Thank you Joy for a wonderful interview. You can visit Joy on her website to find out more about her work and her book. Please visit the other bloggers who are partcipating on this tour.

Teens Read Too (8/17)

Through the Wardrobe (8/29)

Class of 2k9 (8/29)

Story Siren (8/31)

EVEREAD (9/1)

The Book Resort (9/1)

Marta’s Meanderings (9/2)

Babbling About Books (9/3)

A Passion for Books (9/3)

Day by Day Writer (9/4)

Neverending Shelf (9/5)

YA Books Central (9/6)

The Book Obsessions (9/7)

Dolce Bellezza (9/7)

Books & Literature for Teens (9/7)

Shelf Elf (9/8)

The Shady Glade (9/8)

Debbie’s World of Books (9/9)

Bookalicio.us (9/9)

Ultimate Book Hound (9/10)

Lauren’s Crammed Bookshelf (9/10)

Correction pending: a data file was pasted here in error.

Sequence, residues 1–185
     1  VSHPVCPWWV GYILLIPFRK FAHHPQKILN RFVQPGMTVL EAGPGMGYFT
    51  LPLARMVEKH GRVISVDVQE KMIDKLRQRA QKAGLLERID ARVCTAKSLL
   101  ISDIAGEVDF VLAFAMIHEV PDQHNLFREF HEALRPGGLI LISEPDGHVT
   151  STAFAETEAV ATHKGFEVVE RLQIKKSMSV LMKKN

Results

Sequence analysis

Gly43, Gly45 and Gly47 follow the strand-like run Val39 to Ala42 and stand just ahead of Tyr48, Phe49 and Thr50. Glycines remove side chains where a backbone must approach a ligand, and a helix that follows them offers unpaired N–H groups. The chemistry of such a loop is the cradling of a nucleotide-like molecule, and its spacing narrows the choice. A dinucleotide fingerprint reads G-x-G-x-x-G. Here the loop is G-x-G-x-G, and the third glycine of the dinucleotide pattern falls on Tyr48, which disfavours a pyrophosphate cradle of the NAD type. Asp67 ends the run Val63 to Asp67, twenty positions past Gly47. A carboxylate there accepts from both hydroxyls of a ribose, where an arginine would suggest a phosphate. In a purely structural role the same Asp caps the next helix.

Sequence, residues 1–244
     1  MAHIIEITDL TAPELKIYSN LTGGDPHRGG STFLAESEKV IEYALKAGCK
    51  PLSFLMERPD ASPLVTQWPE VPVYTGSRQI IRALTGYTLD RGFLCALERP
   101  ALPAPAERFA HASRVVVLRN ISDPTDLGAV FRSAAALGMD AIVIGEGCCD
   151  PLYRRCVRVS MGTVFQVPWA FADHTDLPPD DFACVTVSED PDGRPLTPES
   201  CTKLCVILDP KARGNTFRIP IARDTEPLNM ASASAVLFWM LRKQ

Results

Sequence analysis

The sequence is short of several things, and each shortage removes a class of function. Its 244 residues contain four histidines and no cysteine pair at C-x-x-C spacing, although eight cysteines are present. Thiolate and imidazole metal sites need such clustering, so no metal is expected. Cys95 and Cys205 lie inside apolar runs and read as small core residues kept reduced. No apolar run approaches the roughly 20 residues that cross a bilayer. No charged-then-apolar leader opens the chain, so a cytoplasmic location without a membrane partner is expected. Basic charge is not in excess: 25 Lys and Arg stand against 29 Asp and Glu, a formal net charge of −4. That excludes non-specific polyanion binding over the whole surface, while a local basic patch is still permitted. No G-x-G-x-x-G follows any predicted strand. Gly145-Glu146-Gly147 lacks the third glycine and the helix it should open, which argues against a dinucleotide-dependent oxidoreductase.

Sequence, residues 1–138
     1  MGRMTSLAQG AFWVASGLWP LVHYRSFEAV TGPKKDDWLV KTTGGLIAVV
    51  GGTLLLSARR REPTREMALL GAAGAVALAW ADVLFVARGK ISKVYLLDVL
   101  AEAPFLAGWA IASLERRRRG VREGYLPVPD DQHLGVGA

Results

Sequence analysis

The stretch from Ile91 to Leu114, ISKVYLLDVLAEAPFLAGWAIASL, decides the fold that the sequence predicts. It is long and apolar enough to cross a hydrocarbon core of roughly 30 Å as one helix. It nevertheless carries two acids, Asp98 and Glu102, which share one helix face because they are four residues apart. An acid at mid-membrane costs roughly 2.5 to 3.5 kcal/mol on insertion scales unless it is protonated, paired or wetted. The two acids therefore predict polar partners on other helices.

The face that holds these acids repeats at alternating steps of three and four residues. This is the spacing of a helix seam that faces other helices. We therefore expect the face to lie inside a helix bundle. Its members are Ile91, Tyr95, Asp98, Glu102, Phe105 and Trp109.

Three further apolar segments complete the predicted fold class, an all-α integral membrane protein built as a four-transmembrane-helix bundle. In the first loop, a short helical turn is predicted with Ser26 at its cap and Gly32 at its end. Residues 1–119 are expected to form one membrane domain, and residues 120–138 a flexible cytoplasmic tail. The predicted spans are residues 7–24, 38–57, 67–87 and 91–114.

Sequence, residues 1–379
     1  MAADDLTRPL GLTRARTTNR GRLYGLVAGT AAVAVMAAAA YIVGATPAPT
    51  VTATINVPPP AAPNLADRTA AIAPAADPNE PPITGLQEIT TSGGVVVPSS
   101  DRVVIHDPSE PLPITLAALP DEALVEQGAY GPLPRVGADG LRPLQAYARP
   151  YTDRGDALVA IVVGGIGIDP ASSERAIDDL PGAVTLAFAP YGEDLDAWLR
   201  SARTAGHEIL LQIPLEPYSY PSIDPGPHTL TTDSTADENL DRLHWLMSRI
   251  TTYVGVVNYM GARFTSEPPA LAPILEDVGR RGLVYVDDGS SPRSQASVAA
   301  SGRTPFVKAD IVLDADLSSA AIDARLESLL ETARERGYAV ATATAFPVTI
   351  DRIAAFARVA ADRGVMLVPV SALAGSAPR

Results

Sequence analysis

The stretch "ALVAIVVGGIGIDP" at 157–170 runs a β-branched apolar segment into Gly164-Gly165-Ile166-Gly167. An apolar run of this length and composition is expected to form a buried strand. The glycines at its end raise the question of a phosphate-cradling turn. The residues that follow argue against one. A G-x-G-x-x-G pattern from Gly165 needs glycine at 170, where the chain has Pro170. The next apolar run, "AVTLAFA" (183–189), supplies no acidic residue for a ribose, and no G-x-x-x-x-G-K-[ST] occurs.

Sarah’s Random Musings (9/11)

Cindy’s Love of Books (9/12)

Presenting Lenore (9/12)

Always Riddikulus (9/12)

Jenn’s Bookshelf (9/13)

Carol’s Corner (9/13)

A High & Hidden Place (9/14)

Looking Glass Review (9/14)

Karin’s Book Nook (9/14)

Shooting Stars Magazine (9/15)

Library Lounge Lizard (9/15)

Book Journey (9/16)

The Book Pixie (9/16)

The Compulsive Reader (9/17)

Bildungsroman (9/17)

Booking Mama (9/18)

BriMeetsBooks.com (9/18)

The Written World (9/19)

Hope’s Bookshelf (9/19)

Book Nut (9/20)

Hope is the Word (9/20)

Zoe’s Book Reviews (9/21)

Homespun Light (9/21)

Teen Scene magazine (9/21)

Galleysmith (9/22)

Once Upon a Bookshelf (9/22)

Café of Dreams (9/23)

My Friend Amy (9/23)

The Brain Lair (9/24)

Ms. Bookish (9/24)

Lori Calabrese Writes (9/25)

Mrs. Magoo Reads (9/25)

Ramblings of a Teenage Bookworm (9/26)

Fantasy Book Critic (9/26)

Into the Wardrobe (9/27)
In the Pages (9/27)

Beth Fish Reads (9/28)

Reverie Book Reviews (9/28)

BookLoons.com (9/28)


1 comment:

Kathryn Fitzmaurice said...

great interview!! I loved this book!